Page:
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Co-Editors:

Pam Reynolds Nealy Stapleton

Content Editor:

Zina Whitaker

Graphic Designer:

SPINEN, Inc.

Researchers:

Tim King Melanie Reinhardt Pam Reynolds Nealy Stapleton

Volume 8, 2010-2012 Southwest Georgia Area Health Education Center (SOWEGA-AHEC) All rights reserved. No part of this publication may be reproduced or transmitted in any form or by any means electronic or mechanical, including photocopying, recording, or by any information storage and retrieval system, without written permission from SOWEGA-AHEC.


All About AHEC id you know you have an AHEC? Georgia Area Health Education Centers (AHECs) are located across the state and provide community-based education for healthcare professionals. There are six centers in the Georgia AHEC Network, and each serves a multi-county region. The AHEC mission is to meet the health needs of Georgia by improving the supply, distribution, and quality of healthcare providers.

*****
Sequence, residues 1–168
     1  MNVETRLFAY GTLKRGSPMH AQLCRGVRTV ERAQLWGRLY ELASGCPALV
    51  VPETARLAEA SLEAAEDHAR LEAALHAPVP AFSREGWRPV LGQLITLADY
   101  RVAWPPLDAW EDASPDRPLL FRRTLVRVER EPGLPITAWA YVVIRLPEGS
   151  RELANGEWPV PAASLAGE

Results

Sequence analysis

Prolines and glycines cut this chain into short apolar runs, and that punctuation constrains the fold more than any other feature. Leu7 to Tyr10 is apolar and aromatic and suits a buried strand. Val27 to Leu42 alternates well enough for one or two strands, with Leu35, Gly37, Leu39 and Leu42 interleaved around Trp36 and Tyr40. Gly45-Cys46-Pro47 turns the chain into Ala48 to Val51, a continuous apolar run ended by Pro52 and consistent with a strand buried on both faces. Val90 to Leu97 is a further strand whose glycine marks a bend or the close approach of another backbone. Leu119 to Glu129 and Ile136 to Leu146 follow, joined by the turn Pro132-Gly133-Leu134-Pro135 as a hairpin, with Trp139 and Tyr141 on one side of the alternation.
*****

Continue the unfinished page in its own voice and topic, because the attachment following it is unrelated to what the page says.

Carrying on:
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AHECs are vitally important in the education and careers of individuals involved in the health industry. An AHEC might help a student interested in health occupations find enrichment activities and educational programs before high school graduation. Once the student enters a college or university, AHEC provides support for communitybased student training. Health professionals working in Georgia depend on their AHECs for continuing education and access to first-rate library and information services. AHECs offer educational programs in smaller communities so healthcare professionals can continue to work in their community while they earn advanced degrees or attend cutting-edge seminars.